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THE INUIT of the Arctic Regions Of Canada, Greenland, Russia & Alaska

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Author Topic: THE INUIT of the Arctic Regions Of Canada, Greenland, Russia & Alaska  (Read 7750 times)
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« Reply #60 on: March 15, 2009, 08:39:15 am »

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     Crews resume excavation at Aleutian archaeological site
on: July 05, 2007, 12:46:00 am Quote 


                              Crews resume excavation at Aleutian archaeological site

                          Artifacts of Unangam Aleuts may span 1,000 years, expert says

The Dutch Harbor Fisherman

- In May, an archaeology crew that began work last summer resumed digging at the South Channel Bridge site on Bunker Hill.

The primary ruins being recovered are the walls of about three houses of Unangam Aleuts.

"It's really a nicely constructed wall, and there was sod in between the rocks," said Mike Yarborough, head archaeologist at the site.

"What's left was dug into the slope, everything else collapsed and fell down the slope," he added, pointing out the slope facing Henry Swanson Drive.

"We followed the natural soil horizon up the hillside," he said.

Currently, carbon dates on samples are in the same range as the ones taken in 2003 by Rick Knecht, the original archaeologist at the site, before he moved away from Unalaska. Yarborough said they haven't found anything older but are planning on testing for younger dates.

"We suspect we'll find samples pointing to about a 1,000-year occupation," Yarborough said.

In 2003, archaeologist Knecht from the University of Alaska Anchorage and Richard Davis from Bryn Mawr College directed a field crew that excavated about one-third of an ancient village site.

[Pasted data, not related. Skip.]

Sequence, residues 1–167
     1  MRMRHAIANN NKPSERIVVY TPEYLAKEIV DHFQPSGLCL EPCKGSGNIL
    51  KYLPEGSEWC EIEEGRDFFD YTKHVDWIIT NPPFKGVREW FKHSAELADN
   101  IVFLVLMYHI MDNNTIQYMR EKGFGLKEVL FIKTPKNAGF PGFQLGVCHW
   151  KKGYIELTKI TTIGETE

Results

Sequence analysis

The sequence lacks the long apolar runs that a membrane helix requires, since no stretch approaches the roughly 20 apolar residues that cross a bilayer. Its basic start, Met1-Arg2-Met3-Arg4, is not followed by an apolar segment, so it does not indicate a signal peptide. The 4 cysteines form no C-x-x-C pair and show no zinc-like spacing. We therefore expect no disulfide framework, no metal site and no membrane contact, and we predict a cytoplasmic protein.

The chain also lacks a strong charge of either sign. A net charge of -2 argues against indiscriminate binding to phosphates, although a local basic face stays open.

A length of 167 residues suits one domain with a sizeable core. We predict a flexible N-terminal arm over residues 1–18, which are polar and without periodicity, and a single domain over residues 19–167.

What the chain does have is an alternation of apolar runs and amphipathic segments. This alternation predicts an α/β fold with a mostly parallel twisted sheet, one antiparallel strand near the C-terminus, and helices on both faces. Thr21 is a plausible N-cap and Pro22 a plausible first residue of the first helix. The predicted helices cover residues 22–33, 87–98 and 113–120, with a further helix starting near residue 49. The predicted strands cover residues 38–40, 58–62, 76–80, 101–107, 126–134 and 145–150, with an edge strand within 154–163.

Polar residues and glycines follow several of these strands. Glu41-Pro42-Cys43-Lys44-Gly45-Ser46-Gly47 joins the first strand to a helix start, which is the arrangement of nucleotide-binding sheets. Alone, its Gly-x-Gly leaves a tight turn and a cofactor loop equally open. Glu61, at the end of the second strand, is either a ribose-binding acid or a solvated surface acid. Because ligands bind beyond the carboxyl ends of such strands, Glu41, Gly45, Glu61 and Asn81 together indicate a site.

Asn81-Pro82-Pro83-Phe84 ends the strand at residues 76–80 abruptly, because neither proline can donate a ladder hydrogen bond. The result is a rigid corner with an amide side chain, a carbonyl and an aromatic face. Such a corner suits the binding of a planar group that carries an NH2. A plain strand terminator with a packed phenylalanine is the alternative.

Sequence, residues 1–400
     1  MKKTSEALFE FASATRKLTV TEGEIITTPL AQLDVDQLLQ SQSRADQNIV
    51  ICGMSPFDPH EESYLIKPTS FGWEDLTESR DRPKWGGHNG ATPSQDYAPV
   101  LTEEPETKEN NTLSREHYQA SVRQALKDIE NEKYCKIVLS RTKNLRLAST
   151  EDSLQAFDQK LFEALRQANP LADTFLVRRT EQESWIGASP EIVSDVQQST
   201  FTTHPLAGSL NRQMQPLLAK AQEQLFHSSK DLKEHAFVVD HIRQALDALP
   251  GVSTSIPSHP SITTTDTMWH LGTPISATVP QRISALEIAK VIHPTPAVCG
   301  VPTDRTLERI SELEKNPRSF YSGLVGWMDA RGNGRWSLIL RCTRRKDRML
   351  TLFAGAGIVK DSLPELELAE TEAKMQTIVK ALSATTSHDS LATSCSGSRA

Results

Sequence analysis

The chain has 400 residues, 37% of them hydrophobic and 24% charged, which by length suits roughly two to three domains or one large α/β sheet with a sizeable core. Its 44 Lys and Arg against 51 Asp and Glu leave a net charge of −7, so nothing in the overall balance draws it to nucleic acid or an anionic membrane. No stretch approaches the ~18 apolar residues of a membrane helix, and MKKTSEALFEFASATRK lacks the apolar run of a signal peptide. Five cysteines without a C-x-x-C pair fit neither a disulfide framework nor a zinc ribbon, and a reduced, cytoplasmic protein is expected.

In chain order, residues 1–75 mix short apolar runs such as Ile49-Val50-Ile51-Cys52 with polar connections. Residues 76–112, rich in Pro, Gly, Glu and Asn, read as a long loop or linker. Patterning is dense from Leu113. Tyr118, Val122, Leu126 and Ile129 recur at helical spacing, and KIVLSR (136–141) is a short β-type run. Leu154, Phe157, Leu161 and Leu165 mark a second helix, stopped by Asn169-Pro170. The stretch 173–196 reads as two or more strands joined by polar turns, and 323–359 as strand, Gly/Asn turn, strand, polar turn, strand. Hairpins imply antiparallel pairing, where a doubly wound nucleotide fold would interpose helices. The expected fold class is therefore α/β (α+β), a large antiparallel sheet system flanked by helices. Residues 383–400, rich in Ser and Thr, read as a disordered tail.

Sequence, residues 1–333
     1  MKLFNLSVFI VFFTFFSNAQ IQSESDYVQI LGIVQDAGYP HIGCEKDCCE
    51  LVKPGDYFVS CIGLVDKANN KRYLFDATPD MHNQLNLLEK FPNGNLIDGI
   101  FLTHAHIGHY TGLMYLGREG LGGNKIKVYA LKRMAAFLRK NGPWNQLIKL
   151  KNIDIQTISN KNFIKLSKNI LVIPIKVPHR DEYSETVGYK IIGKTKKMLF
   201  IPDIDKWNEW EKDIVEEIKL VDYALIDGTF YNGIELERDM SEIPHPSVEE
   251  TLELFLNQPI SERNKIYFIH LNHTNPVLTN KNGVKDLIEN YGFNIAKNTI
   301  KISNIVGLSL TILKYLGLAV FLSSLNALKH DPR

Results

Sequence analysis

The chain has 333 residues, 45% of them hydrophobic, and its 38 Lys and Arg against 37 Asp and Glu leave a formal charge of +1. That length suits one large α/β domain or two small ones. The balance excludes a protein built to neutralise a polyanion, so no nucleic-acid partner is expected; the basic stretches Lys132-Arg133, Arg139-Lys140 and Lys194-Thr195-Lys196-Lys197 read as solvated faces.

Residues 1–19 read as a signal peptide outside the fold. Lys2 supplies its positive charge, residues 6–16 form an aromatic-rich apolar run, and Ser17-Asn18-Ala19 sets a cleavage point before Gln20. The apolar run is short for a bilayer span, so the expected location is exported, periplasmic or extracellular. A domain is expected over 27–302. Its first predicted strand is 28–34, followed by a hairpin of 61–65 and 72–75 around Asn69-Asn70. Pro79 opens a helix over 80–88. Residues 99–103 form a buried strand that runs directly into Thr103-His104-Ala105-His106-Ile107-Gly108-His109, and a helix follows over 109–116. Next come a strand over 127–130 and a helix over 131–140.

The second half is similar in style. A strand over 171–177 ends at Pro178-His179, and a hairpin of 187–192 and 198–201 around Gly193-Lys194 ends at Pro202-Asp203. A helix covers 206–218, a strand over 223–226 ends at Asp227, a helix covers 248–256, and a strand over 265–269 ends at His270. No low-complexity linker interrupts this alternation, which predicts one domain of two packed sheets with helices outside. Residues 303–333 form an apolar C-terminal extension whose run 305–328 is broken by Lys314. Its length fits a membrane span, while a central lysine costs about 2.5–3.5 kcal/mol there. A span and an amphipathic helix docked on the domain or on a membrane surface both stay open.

The artifacts discovered provided information pertinent to the research of prehistoric Eastern Aleutian cultural history, household archaeology, subsistence technology and adaptations to environmental changes, according to Knecht.

Last fall, the crew didn't begin work until late August. Two things prevented the digging crew from accomplishing a lot. The first was the weather, and the second was when beginning the dig, the crew discovered that the site was approximately double the size they expected.

In September, it began to rain, and Yarborough said it was too muddy in October to get anything accomplished. At that point, a second season was planned.

"The more we dug, the more there seemed to be," he said.

After recalculation and several tests, the crew determined the original estimate done by Rick Knecht in 2003 was under the actual volume.

The crew is funded by the state of Alaska for two months, until the end of July. The bridge construction crew is scheduled to begin work on Henry Swanson Drive on Aug. 15. A two-week buffer window was left in case something unexpected came up.

"Everything is basically the same as last year," Yarborough said. "The only difference is we went from digging on OC (Ounalashka Corp.) land to state land, but that doesn't affect anything we're doing."

When returning to the site in May, Yarborough said it had remained "pretty dry," but after beginning, it rained for about the first two weeks.

Despite a rough beginning because of the weather, the group didn't have the same startup lag experienced last August. Yarborough said it took about a week to get going and become accustomed with the site.

From Henry Swanson Drive, a backhoe has reached up as far as possible, and no more work on the North Face can be done. Now the crew is working on the top of the site.

Last week, the crew reached a milestone when the backhoe was able to get to the eastern edge of the site.

"We're still finding a lot of house features from the top. We're collecting artifacts and sending them to the lab," Yarborough said.

Local archaeologist Jason Rogers has been creating extensive maps of the site throughout the whole process.

"It's good stuff pirate treasure," Rogers joked at the end of a long day.
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